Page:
Spark was developed to work with the HDFS, and it was also adopted by MapR for its hybrid MapR File System. Spark, now also works with MemSQL storage, Apache Cassandra, Amazon S3, Alluxio, Cloudera’s Kudu, OpenStack Swift, and Elasticsearch. It is available as the processing engine for all the public clouds, is a key engine powering Amazon’s famous EMR (Elastic MapReduce) service today and a most preferred in Microsoft Azure. GCP (Google Cloud Compute) supports Spark as well, and it is one of the “runners” in the construct of Apache Beam.

Spark offers many specialized engines for processing. The core functions of Spark were substitutes for the batch routines in MapReduce, later, Spark has added SQL engine (Spark SQL), machine learning library (MLLib), database for a graph (GraphX) and a real-time streaming analytics engine (Spark Streaming).

Coded in Scala, Spark executes in a JVM (Java Virtual Machine). Spark is widely available for developers and it is ensured by APIs for Python, R, Scala, and Java. Engineers and power users can directly write Spark routines from the command line interface, few developers write Spark applications via interfaces like IBM‘s Data Science Experience, Cloudera’s Data Science Workbench or Jupyter.

Sustaining its Popularity

It is the most approved and trending open source project having 1,000-plus contributors of 250-plus companies. Databricks, a California company is ready to deliver Apache Spark services in the cloud. By Series E funding, it raised $250 million and employs several key individuals that are responsible for Spark’s development.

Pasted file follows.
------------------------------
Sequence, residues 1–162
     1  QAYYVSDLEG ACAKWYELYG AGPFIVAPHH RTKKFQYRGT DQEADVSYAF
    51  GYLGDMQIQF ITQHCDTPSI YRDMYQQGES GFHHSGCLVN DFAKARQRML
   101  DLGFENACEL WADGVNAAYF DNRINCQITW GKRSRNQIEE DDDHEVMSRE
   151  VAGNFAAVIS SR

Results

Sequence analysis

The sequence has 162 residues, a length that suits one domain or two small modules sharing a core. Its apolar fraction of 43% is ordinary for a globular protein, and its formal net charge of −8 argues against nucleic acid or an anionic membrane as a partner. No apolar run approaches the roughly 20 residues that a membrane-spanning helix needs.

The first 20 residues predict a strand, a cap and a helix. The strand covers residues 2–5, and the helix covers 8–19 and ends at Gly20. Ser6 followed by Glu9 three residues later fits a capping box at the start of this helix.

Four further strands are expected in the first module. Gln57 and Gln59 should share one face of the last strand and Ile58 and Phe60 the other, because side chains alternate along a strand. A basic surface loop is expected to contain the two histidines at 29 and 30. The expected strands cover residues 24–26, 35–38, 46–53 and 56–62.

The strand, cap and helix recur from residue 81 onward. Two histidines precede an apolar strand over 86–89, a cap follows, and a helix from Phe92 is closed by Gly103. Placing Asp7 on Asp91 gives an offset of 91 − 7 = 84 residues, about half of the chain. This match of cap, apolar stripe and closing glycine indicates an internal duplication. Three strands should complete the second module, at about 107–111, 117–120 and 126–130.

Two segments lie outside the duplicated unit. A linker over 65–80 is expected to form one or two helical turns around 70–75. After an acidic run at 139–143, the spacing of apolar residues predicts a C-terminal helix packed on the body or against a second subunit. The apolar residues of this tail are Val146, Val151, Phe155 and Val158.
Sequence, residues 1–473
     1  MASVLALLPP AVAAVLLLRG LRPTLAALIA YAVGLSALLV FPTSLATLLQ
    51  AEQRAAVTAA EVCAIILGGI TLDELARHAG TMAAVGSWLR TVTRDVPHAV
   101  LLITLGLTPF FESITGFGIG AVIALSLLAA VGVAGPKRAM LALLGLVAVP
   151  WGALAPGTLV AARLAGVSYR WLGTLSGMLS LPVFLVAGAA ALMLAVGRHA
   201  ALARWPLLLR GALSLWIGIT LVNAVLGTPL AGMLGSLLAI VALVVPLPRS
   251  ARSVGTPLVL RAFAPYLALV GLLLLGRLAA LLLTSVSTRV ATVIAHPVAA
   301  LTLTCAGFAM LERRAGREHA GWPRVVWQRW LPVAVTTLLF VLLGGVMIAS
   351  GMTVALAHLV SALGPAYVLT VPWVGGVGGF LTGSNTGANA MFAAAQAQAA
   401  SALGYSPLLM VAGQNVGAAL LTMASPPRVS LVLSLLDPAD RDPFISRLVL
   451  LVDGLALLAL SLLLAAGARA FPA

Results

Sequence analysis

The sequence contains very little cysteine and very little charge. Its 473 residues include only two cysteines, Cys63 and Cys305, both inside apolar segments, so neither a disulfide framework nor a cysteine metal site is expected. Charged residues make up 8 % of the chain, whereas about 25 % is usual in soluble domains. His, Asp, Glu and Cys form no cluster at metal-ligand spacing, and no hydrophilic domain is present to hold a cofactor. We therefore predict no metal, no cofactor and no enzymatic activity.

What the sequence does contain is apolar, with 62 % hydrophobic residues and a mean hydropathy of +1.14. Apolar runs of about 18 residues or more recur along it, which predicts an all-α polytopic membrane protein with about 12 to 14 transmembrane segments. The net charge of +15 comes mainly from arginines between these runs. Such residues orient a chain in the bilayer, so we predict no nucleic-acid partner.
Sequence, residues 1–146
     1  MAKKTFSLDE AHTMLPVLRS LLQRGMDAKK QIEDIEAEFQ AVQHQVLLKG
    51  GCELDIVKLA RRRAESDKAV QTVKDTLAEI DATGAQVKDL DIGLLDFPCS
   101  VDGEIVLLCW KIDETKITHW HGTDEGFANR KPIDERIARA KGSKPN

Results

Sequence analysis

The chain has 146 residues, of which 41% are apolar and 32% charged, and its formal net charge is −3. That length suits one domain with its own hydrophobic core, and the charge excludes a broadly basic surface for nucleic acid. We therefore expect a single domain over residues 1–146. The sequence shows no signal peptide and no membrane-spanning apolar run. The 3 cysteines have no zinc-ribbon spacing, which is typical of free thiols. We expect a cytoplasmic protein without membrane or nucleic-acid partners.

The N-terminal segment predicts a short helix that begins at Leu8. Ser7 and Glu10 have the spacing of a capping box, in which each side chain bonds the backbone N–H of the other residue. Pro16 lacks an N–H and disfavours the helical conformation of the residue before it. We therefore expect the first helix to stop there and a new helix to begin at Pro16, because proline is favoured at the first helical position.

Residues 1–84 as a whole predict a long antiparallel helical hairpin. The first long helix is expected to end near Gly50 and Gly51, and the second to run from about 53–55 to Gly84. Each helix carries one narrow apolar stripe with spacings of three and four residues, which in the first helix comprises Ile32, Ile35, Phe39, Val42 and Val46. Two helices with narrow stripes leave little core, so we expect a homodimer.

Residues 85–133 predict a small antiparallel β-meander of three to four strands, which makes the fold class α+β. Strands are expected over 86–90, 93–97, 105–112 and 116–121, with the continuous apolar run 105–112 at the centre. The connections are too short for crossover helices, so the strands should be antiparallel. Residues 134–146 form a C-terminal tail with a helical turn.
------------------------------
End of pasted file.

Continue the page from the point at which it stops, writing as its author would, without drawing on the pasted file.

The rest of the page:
Despite Hadoop’s troubles, it is amazing to see how it has retained its name. Despite the fall of Hortonworks and Cloudera’s merge, operational challenges and technical complexity of the Hadoop users, Spark has maintained its name. Due to its versatility, Spark’s popularity sustained beyond Hadoop.

Spark is quite flexible, it unified numerous kinds of analytics within a single framework whereas the Hadoop did not have, for example, SQL, machine learning or other factors like real-time factor. Bringing unified analytics under one roof made it supreme and powerful. Spark has a big influence on big data too, knowing Spark’s Core is must for Data engineers creating new data pipelines, and data scientists still use MLlib for development of machine learning.

The Future

Spark’s future is very bright and the resources are keeping it pretty much in business. The software had a big update last year (with Spark 2.3), that supported real-time processing and Kubernetes in Spark Streaming. Soon, Apache Spark may release Spark 3.0.

What shall Spark 3.0 offer?

It is speculated that Spark may focus on arriving AI technologies. It doesn’t integrate currently with the deep learning frameworks. As a few folks use MXnet, PyTorch and Tensorflow frameworks with Spark, the job schedulers face incompatibilities which create severe operational issues.

Other improvements such as completely depreciating the RDD API, better online servings of machine learning model, an enhancement to the API of Scala, data formats support (Apache Arrow), support Neo4j‘s Cypher, making the MLlib APIs type-safe, better support for several processor types like FPGAs and GPUs are also being considered.